Sleep is a fundamental right, and a lack of sleep impacts Māori, Pasifika and low-income teenagers in particular. “Māori and Pasifika teenagers need more opportunities to thrive,” Edmonds says. Financial pressures, like having to work in the evenings and environmental pressures, like sharing a room or living in noisier neighbourhoods, are some of the many complex and intersecting factors which mean these groups suffer most with the current regime of school times. But, Edmonds says, this means there are more opportunities to change things to help Māori students flourish.
Better sleep can lead to better student attendance and retention and better learning, and research shows that all those factors have the biggest impact on adolescents who are more economically disadvantaged. “If you’re able to thrive at school, more doors are open to you,” says Edmonds. She’s passionate about these improvements being made for Māori and Pasifika teenagers. While sleep interacts with every part of life, meaning the full impact of later school times might not be immediately or directly measurable, the possibilities of better health and better focus alone are enough, Edmonds says.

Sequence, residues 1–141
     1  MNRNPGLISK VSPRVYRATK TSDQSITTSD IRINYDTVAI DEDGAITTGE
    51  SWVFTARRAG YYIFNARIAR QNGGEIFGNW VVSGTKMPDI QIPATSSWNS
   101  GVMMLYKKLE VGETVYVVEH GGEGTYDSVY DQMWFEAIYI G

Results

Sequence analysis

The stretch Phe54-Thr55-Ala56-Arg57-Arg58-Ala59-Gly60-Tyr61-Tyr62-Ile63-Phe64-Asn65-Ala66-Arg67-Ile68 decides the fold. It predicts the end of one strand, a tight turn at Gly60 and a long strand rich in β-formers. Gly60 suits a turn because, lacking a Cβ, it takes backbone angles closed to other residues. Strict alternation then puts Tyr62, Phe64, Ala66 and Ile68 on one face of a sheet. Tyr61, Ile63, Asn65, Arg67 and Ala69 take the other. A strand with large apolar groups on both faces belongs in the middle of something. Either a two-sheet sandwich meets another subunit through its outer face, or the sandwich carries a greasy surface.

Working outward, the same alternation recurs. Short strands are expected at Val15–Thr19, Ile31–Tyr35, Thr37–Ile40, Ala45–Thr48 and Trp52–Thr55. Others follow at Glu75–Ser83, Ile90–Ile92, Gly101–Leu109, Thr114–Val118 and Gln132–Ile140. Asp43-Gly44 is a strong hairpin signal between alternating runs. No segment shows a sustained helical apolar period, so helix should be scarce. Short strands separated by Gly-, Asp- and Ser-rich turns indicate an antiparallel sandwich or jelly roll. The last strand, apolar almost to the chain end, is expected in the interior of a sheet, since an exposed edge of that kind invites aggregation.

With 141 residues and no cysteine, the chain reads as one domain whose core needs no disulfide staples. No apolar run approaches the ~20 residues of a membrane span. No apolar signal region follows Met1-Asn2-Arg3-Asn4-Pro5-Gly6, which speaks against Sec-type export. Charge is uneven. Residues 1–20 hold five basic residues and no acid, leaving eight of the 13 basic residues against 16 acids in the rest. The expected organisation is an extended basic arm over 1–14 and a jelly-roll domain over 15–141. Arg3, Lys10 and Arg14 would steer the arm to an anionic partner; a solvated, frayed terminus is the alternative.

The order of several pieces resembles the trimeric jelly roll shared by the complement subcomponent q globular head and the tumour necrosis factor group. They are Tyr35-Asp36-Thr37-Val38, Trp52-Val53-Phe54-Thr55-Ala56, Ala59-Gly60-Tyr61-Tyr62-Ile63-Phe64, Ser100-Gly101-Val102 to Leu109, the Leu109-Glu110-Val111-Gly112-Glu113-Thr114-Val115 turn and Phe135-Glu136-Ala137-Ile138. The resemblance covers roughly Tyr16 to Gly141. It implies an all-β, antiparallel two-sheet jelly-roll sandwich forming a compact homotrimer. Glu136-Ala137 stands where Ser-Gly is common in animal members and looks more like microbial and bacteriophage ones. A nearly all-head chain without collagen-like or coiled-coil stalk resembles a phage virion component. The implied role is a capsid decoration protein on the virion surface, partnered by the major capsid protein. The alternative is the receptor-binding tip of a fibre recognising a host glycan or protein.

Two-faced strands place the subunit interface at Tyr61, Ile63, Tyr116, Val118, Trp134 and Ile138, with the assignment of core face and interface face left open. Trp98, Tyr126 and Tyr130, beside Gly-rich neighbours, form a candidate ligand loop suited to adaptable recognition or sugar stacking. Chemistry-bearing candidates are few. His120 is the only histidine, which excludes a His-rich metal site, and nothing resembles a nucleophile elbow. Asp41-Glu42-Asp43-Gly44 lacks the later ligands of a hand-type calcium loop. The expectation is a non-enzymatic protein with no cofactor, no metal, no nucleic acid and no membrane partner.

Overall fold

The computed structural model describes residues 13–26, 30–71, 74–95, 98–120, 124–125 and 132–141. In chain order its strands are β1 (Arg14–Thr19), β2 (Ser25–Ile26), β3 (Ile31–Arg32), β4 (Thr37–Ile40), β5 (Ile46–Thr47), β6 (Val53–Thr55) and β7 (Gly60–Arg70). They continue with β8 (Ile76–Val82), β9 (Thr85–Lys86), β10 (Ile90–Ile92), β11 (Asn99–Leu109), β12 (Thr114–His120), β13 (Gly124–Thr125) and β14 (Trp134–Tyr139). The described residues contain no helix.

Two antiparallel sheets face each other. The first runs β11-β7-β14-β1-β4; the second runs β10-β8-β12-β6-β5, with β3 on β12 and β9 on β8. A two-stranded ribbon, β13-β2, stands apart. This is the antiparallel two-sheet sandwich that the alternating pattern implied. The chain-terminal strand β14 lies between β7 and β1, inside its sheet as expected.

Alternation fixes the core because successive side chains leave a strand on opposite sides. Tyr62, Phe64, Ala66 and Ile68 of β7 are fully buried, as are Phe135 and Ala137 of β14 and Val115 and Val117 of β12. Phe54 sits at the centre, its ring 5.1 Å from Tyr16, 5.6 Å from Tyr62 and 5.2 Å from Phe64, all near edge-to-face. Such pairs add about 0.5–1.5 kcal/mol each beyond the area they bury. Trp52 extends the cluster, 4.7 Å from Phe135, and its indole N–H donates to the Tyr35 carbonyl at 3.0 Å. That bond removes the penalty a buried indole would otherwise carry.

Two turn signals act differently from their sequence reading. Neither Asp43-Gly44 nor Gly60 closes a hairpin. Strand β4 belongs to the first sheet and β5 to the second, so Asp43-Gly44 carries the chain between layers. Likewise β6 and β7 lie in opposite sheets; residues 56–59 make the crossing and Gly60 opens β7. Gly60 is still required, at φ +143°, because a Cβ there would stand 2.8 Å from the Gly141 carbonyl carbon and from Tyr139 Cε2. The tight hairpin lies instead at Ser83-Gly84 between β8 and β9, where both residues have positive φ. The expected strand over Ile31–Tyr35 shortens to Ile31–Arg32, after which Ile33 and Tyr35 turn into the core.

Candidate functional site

Edmonds and her co-authors argue that school start times are “malleable”. There’s no reason that schools should start at 9am or earlier, just because that’s currently the pattern around the country. Schools have the power to choose their own start times, meaning the policy wouldn’t necessarily require a law change.
Most teenagers go to school, meaning that changing how school works can impact the majority of teenagers, who have less agency over their schedules than adults. “School is a large portion of your life, so it makes sense to alter that system if it’s not working,” Edmonds says.